On this day, three years ago, I signed my first book deal.

It was the deal that gave me (and the world) Beasts Made of Night and Crown of Thunder. Around the time I officially became financially obligated to write Taj’s story, I was sleeping on a twin-sized bed in a room that could barely fit it. I was in the middle of a year of living out of a suitcase, doing civil rights work I loved, but for free in a very unkind city. I was hungry, in every sense of the word. On fire with it. As it drove me, pushed me, it also ate away at me. By the time I put pen to the dotted line, to mix metaphors, I’d been at sea for longer than I thought possible. The deal was a life raft but also (and I couldn’t forget this) the realization of a dream. A dream I’d nurtured and believed in, whose outcome I’d accepted as fact, for at least half of my conscious life until that point. For fifteen years, I’d treated the eventual fact of publication the way I’d treated gravity, or aging. From a certain distance, it begins to look like zealotry.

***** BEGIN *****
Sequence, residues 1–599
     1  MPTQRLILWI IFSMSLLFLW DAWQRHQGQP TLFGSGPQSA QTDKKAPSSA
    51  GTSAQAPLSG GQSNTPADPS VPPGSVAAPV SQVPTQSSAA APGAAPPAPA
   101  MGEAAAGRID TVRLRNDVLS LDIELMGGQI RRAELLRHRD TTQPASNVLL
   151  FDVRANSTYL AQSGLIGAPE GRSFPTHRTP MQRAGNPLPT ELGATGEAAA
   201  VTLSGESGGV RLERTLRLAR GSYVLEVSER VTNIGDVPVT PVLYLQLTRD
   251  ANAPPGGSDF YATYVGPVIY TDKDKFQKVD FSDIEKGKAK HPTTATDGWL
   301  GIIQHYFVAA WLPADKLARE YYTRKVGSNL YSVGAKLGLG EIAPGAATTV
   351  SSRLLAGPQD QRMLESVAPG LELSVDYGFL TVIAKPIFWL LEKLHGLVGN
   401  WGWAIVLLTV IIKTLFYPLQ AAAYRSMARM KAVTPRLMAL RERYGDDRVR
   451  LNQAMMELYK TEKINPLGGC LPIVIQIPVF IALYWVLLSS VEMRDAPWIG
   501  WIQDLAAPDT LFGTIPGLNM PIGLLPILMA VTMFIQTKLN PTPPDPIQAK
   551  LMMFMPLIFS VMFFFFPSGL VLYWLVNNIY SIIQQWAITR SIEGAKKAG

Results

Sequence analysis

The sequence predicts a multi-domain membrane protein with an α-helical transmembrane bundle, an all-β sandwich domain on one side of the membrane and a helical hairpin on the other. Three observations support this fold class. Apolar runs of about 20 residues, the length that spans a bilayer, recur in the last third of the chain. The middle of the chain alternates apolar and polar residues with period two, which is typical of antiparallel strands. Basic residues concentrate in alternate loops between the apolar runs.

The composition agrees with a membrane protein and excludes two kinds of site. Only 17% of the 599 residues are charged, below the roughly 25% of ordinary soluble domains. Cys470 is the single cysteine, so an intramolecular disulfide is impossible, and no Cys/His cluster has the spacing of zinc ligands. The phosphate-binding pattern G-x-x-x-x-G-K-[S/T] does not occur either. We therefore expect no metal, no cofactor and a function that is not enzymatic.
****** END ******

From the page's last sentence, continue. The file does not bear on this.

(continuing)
But then it happened. When there was paper I could hold—signed paper!—and not merely spoken agreements or shared understandings or promises, it became real. It happened.

This anniversary always tends to sneak up on me. I was in Los Angeles for a festival during the two-year anniversary, making more memories. And tonight, I’m neck-deep in the business of storytelling. I call them assignments, but they’re more fun than that.

As corny as it sounds, dreams sometimes do come true.

In the hallway just outside my agent’s office. I’m pretty sure he took the picture.

In the hallway just outside my agent’s office. I’m pretty sure he took the picture.

Tochi Onyebuchilife, writing